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Proof Technology: Implications for Teaching

  • Gila HannaEmail author
  • David A. Reid
  • Michael de Villiers
Chapter
  • 106 Downloads
Part of the Mathematics Education in the Digital Era book series (MEDE, volume 14)

Abstract

Proving is sometimes thought to be the aspect of mathematical activity most resistant to the influence of technological change. While computational methods are well known to have a huge importance in applied mathematics, there is a perception that mathematicians seeking to derive new results are unaffected by the digital era. The reality is quite different. Digital technologies are influencing the way mathematicians work together and the way they go about proving.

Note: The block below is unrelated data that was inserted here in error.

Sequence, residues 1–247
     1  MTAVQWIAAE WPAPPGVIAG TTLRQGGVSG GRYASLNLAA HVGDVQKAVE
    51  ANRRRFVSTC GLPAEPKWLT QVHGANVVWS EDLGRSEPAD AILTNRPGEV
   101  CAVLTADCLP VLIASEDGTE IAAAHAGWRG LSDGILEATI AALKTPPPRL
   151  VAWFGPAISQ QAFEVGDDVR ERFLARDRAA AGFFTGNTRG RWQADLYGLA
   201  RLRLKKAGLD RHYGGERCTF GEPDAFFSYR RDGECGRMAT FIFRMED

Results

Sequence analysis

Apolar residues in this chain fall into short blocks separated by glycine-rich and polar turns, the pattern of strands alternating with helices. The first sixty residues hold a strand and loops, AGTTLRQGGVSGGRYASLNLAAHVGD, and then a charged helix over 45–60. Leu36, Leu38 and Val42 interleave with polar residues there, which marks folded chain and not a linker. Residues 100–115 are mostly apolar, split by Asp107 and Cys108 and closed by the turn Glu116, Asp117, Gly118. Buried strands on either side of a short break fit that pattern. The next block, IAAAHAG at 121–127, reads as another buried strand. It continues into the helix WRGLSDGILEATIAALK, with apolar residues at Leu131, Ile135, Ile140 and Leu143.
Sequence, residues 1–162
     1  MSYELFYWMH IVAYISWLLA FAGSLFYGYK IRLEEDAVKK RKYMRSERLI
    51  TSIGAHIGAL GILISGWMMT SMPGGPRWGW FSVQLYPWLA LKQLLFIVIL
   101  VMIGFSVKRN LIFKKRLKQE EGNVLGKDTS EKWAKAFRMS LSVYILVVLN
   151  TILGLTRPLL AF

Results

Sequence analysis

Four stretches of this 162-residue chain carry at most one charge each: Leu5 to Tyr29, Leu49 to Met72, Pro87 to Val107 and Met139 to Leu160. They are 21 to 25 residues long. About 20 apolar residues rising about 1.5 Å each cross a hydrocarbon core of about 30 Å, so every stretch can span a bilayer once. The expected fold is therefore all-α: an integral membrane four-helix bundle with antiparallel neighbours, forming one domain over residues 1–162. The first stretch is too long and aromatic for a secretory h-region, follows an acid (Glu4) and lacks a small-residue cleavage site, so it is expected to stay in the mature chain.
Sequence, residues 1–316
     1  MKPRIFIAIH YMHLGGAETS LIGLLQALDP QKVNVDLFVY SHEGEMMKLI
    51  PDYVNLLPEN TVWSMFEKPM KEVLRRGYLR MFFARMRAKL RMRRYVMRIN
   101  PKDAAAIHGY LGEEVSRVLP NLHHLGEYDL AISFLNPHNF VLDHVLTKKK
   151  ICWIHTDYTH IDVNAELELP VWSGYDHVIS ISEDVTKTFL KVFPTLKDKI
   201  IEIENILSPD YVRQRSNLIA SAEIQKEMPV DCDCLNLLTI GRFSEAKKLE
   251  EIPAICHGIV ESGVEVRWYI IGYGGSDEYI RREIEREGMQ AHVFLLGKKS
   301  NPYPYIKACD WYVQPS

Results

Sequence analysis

Notes

Acknowledgements

We would like to thank all the authors for contributing their time and expertise to this book. We wish to acknowledge the referees for their thoughtful and constructive reviews. Many authors also served as referees; their double task is highly appreciated.

Special thanks go to Arleen Schenke, Hardy Grant, and Ed Barbeau for their stylistic polishing of some of the chapters and for their most helpful editorial advice.

Thanks are due to the Journal of Automated Reasoning for permission to reproduce the article “A Fully Automatic Theorem Prover with Human-Style Output” by M. Ganesalingam and W. T. Gowers.

We wish to acknowledge the generous support of the Social Sciences and Humanities Research Council of Canada.

Copyright information

© Springer Nature Switzerland AG 2019

Authors and Affiliations

  • Gila Hanna
    • 1
    Email author
  • David A. Reid
    • 2
  • Michael de Villiers
    • 3
  1. 1.Ontario Institute for Studies in EducationUniversity of TorontoTorontoCanada
  2. 2.Universität BremenBremenGermany
  3. 3.Stellenbosch UniversityStellenboschSouth Africa

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